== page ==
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Question pretty much says it all, though explicitly I'm looking for the things I will probably miss about Seam 2 in a Java EE 6 environment ("losses").

For my latest (small) project JavaEE 6 or more specifically JSF 2 was a fix requirement, so using Seam 2 wasn't an option (and won't be). Even though some people said to get Seam 2 working with JSF 2, I never made it. So far I've only used Seam 2 and I fear switching to a plain JavaEE environment poses more of a problem than I'm currently aware.

The project has the following basic/core requirements:

  • Role and permission-based security concept (~50 users)
  • JPA 2 transactional persistence
  • ...

The rest will be rather GUI-based, search forms, client validation etc. which will be handled be RichFaces 4 and JavaEE 6 bean validation. There are no web services, no restful URLs, no messaging, no emailing.

I can see that using Seam security would defintitely be a loss, but I'm not sure about what Seam persistence, the entity/query framework, JBoss EL, and others would be, especially the overall programming model (navigation, EL, beans). Note that we will be able to add Seam 3 modules when it makes sense, so you might include Seam 3 in the discussion in the "gains" section.

So, can anybody clear this up a little? (it doesn't have to be a complete wrap-up, whatever springs to your mind, go ahead)

PS: I wasn't able to connect to the Seam forums so I felt I needed to ask here.

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Your hair, and patience? –  x0n Sep 5 '11 at 18:23

2 Answers 2

up vote 5 down vote accepted

Good and understandable question - I don't see why it got downvoted.

What I can tell you - with a background of various Java EE 5 / Seam 2 and Java EE 6 / Seam 3 applications:

There is nothing that you cannot solve with Java EE 6 / Seam 3, and many things feel much more mature (e.g. typesafe CDI is way better than Seam 2 string-based components, JBoss AS 7 is so much better than all other releases).

But: While Seam 2 is more like a one-stop-solution for all requirements you might encounter in an enterprise web application, with Java EE 6 you'll almost certainly end up with more puzzling from different modules.

Seam 3 is an excellent start, but it's not exactly production-ready, at least not in all parts. So you will have to deal with problems and exceptions that still have to be solved. That's certainly a difference to Seam 2.x, where the road felt pretty good paved.

There is no equivalent to Seam 2's integrated navigation / pageflow concept. You either have to use JSF 2 navigation, or integrate Drools or something like this - on your own.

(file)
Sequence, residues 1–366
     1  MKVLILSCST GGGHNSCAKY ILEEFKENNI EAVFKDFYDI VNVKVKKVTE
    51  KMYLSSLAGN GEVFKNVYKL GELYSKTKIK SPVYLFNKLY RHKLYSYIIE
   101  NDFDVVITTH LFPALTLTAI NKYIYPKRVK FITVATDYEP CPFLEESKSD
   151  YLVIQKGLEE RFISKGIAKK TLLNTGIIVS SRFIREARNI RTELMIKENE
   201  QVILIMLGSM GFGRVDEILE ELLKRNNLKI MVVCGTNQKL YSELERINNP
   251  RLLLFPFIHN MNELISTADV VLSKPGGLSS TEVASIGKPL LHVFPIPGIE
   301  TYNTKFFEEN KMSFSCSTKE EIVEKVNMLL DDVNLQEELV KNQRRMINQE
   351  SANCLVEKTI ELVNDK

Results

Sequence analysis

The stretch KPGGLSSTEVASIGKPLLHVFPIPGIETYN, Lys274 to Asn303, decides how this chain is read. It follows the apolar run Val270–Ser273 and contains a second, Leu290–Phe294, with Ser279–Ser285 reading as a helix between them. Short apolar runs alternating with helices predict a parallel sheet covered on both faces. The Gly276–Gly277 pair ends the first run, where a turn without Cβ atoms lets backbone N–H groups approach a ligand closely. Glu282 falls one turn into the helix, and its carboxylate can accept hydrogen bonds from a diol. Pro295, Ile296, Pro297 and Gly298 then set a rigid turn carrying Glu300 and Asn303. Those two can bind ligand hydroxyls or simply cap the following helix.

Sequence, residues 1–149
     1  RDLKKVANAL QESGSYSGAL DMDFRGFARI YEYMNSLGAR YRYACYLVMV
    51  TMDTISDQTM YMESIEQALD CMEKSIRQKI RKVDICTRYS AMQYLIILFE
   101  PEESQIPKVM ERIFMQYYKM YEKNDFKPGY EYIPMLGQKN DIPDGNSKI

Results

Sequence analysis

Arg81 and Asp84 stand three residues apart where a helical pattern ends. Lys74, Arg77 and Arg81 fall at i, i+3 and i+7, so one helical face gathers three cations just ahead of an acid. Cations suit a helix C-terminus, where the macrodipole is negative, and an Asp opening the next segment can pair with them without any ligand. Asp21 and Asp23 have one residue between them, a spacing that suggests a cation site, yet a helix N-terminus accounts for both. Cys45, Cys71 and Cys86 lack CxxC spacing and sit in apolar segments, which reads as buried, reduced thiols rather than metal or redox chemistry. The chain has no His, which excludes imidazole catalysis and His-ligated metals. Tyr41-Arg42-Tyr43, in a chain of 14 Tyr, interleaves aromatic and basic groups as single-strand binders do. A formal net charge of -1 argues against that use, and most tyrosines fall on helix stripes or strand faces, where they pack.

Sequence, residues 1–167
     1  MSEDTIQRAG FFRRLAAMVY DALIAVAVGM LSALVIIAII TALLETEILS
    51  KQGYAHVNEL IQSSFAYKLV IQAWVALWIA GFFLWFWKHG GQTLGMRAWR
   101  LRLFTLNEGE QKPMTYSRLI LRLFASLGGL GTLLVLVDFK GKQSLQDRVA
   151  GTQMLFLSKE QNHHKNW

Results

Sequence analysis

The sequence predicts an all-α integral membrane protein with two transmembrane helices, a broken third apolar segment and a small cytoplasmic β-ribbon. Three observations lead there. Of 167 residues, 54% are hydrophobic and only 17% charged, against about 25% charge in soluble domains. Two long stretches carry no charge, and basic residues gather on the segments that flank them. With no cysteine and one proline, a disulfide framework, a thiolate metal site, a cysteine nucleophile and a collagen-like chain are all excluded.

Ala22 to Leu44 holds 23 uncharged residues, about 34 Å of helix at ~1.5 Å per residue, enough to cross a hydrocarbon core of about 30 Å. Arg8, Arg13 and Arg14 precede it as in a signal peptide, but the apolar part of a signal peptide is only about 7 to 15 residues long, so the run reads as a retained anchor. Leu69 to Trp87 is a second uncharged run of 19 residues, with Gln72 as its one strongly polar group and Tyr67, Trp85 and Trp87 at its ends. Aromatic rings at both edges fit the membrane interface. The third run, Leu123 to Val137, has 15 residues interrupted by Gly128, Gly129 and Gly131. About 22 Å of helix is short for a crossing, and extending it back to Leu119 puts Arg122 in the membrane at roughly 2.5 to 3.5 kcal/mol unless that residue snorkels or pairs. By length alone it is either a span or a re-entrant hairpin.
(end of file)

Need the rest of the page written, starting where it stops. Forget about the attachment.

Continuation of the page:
Nested conversations is something you might have liked in Seam 2. There is no such thing in CDI - but OpenWebBeans / CODI offers a nice solution as a CDI extension.

All the GUI stuff (pdf, mailing, reporting) is on its way in Seam 3 - but not 100% ready yet (9/2011). That will change in the next time - but right now, you're on your way with alphas and betas.

Having said this, here is my advice:

Switch to Java EE 6 / CDI as soon as possible (and arguable). It's so much the future. :-)

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@Dar Whi (who edited this post): I don't mind editing an answer if it contains typos - but please do not edit my answer if you want to name other frameworks. This is a substantial change - use the comment function for this, or write a separate answer. –  jan groth Sep 7 '11 at 19:40
    
First edit: I thought you forgot it because you mentioned it later. Second edit: Was just not correct BUT no problem will point to it in comments from now. Revert it and I'll do it. –  Dar Whi Sep 7 '11 at 22:03

I experienced the same. Java EE is not enough in several cases and it wasn't intended to be. So there are CDI extensions. I learned some days ago that others experienced the same:

Java EE all you need

If its too easy to be true

If you are a Seam2 user, go with Seam3 (I think they plan to provide similar stuff again - just conversations are very poor) and help them to get it stable, add features you miss,... or switch to other extensions. There are a lot e.g. we prefer MyFaces CODI, because it's very stable and fast and their notion of conversations is better. There is also a very open community and they also help a lot, listen to ideas,...

The question is not "What" it is "When will it be available in an extension". I guess as soon as someone asks for a feature.

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